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The Naked Page

Author Jamie Sobrato's Diary


The Literary Rat Race

I've been working on new book proposals in recent months, which gets me thinking about how much I want to be writing in any given year. How many books do I want to sell, versus how much of a sane life I want to have. How outwardly successful do I want to be, and does that have any bearing at all on my happiness? From a survival standpoint, selling more is always better than selling less, but from a sanity standpoint, we all need to have a life that doesn't involve sitting in front of a computer 24/7.

If you write outside the romance genre, you probably will not experience the same push to be prolific that romance authors get. It's one of the few genres where writing 3 or more books a year is considered normal, even desirable, and if you're one of those super-prolific authors who can write fast enough and generate enough publisher interest to write 4-6 books per year, you'll probably find yourself with lots of happy fans who can't get enough of your work. Plus you'll be earning a decent living.

I hear my writer friends discussing this issue pretty often, and it seems nearly impossible to strike a balance. Either you write less and accept that your career might not be as stellar as it could be, or you write more and accept that your life might not be as sane as it could be.

What are your goals as a writer? How do you measure your success? In monitary terms, in terms of accolades and professional respect, or by standards you set for yourself?


At 5:18 PM, Anonymous melissa said...

My goal is to accomplish my dream, which is to publish a book with a major print publisher, namely HQ. At the moment I'm not at all interested in money, accolades, or achieving the career status of Nora. I'm doing this because there is a big part of me that needs to do it, period. The happiness I'll feel upon getting that call is about that and nothing else. Ideally, I'd have 2-3 books a year on the shelves. More than that would likely be sacrificing too much family time.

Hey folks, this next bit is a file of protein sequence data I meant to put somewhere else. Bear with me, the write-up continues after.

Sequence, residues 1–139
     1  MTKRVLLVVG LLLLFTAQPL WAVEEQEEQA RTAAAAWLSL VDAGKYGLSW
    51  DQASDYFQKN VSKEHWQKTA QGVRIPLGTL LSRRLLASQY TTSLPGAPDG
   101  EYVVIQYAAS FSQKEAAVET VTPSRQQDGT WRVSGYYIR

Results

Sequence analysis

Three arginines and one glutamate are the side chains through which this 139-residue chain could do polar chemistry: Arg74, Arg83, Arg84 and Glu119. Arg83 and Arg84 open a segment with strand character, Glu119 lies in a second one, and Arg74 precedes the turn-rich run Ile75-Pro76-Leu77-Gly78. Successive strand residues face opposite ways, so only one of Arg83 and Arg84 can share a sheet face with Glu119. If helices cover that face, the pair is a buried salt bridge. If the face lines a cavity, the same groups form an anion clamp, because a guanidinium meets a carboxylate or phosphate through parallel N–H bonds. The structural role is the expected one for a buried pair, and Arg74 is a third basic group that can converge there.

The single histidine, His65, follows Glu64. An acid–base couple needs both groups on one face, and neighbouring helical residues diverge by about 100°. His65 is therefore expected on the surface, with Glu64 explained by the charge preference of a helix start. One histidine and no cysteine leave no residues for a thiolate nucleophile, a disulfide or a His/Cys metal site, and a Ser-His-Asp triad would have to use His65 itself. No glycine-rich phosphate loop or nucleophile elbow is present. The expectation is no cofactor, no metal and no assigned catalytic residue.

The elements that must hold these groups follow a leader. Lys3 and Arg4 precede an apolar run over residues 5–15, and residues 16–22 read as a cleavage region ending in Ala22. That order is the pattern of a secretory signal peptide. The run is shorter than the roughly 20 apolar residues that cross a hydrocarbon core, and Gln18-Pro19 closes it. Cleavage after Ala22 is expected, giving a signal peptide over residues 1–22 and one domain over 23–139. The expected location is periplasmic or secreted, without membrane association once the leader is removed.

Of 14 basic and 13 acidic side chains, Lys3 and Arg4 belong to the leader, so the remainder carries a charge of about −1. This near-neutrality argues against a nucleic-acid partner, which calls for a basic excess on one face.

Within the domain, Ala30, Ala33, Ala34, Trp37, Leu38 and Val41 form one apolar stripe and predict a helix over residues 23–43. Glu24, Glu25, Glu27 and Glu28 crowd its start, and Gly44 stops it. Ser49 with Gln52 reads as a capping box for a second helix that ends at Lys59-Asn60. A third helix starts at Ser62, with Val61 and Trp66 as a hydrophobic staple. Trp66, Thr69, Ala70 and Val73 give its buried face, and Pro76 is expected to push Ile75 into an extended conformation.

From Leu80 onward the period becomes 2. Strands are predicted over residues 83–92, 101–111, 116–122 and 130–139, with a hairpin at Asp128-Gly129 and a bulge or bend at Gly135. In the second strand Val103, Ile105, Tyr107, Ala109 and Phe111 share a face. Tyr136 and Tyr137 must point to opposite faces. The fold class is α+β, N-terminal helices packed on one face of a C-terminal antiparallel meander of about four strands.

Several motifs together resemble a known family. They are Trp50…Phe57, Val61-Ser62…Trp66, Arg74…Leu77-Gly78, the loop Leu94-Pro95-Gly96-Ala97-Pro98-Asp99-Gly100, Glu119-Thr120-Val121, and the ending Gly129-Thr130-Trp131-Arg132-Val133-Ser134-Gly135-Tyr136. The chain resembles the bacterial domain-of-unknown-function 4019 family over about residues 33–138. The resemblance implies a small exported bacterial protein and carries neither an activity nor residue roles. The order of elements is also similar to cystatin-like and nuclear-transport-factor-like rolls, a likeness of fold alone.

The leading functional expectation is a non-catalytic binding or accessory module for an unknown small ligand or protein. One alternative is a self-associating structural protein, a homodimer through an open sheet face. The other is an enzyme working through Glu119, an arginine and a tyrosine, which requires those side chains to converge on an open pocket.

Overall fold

At 5:41 PM, Blogger Jamie said...

Melissa! You sound so balanced, so sane, so...not like a writer. Heh. Just kidding...

Your goals remind me a lot of how I felt before I'd sold my first book. It reminds me how easy it is to keep trying to merge into a faster lane of the rat race, the more success you acheive.

Once you've made your first sale, then you have to be pretty amazingly balanced not to look at the next bigger goal and chase after it.

One way to help ourselves realize that the bigger goal isn't always any better, is to talk to some authors who've already been there and done that, the ones who have ten or twenty years in the business and are on the New York Times list and are where most authors would like to be.

They are struggling with the exact same issues we are, only the stakes are higher, the implications scarier, the stress more intense. It was a big eye-opener to me to realize that if I don't choose to be happy with my career now, there's not any point in the future when it will be any easier to be.

This isn't a lecture directed at you, Melissa. More like it's me reminding myself of what I should already know.

At 7:18 PM, Anonymous melissa said...

So what is the next big thing after selling? Is it selling a second? Getting a certain amount in royalties? Making some bestseller list? Tell us, Jamie, in what order you merged into faster lanes. :-) And what are you looking for now?

And don't worry, I am definitely NOT sane. I just look that way in print. lol

At 8:17 PM, Blogger Jamie said...

Oh gosh Melissa, that question is a whole blog entry in itself. Maybe my next one...hmmm... But to give you the Reader's Digest version, after selling I think most writers look to start selling steadily. Yes, the second sale is maybe a bigger accomplisment than the first, but that quickly gives way to the desire to not be a one or two hit wonder. And it takes quite a while to start feeling like one is selling steadily or earning a steady living.